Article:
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Why wealth inequality differs between post-socialist countries?

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  • Michał Brzeziński

    () (Faculty of Economic Sciences, University of Warsaw)

  • Katarzyna Sałach

    (Faculty of Economic Sciences, University of Warsaw)

Abstract

We provide the first attempt to understand how differences in households’ socio-demographic and economic characteristics account for disparities in wealth inequality between five post-socialist countries of Central and Eastern Europe. We use 2013/2014 data from the second wave of the Household Finance and Consumption Survey (HFCS) and the reweighted Oaxaca-Blinder-like decompositions based on recentered influence function (RIF) regressions. Our results show that the differences in homeownership rates account for up to 42% of the difference in wealth inequality measured with the Gini index and for as much as 63-109% in case of the P50/P25 percentile ratio. Differences in homeownership rates are related to alternative designs of housing tax policies but could be also driven by other factors. We correct for the problem of the ‘missing rich’ in household surveys by calibrating the HFCS survey weights to top wealth shares adjusted using wealth data from national rich lists. Empirically, the correction procedure strengthens the importance of homeownership rates in accounting for cross-country wealth inequality differences, which suggests that our results are not sensitive to the significant underestimation of top wealth observations in the HFCS.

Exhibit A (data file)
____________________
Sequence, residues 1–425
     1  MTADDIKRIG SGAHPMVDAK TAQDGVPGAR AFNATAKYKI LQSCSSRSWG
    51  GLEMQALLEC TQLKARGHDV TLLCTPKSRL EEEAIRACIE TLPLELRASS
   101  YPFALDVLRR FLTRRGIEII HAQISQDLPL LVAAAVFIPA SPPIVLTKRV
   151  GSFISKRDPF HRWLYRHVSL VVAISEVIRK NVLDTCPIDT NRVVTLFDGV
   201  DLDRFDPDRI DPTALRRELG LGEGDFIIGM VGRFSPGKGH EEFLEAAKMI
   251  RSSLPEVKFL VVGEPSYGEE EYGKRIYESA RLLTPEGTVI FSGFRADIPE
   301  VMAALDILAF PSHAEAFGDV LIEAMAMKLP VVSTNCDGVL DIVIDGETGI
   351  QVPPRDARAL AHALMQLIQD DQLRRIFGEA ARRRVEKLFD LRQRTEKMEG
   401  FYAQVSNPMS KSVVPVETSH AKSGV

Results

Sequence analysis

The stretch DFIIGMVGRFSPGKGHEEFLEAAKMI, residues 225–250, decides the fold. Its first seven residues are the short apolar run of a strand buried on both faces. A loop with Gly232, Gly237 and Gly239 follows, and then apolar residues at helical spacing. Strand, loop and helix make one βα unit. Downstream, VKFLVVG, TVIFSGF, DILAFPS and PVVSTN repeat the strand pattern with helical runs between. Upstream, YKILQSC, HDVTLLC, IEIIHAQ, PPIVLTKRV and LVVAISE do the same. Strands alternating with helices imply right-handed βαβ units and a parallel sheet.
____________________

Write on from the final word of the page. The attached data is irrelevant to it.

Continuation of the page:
Suggested Citation

  • Michał Brzeziński & Katarzyna Sałach, 2020. "Why wealth inequality differs between post-socialist countries?," Working Papers 2020-14, Faculty of Economic Sciences, University of Warsaw.
  • Handle: RePEc:war:wpaper:2020-14
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    References listed on IDEAS

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    More about this item

    Keywords

    wealth inequality; decomposition; recentered influence function (RIF) regressions; survey weight calibration; Household Finance and Consumption Survey (HFCS); post-socialist transition; Central and Eastern Europe (CEE); housing; homeownership; missing rich;
    All these keywords.

    JEL classification:

    • D31 - Microeconomics - - Distribution - - - Personal Income and Wealth Distribution
    • D63 - Microeconomics - - Welfare Economics - - - Equity, Justice, Inequality, and Other Normative Criteria and Measurement
    • P36 - Economic Systems - - Socialist Institutions and Their Transitions - - - Consumer Economics; Health; Education and Training; Welfare, Income, Wealth, and Poverty

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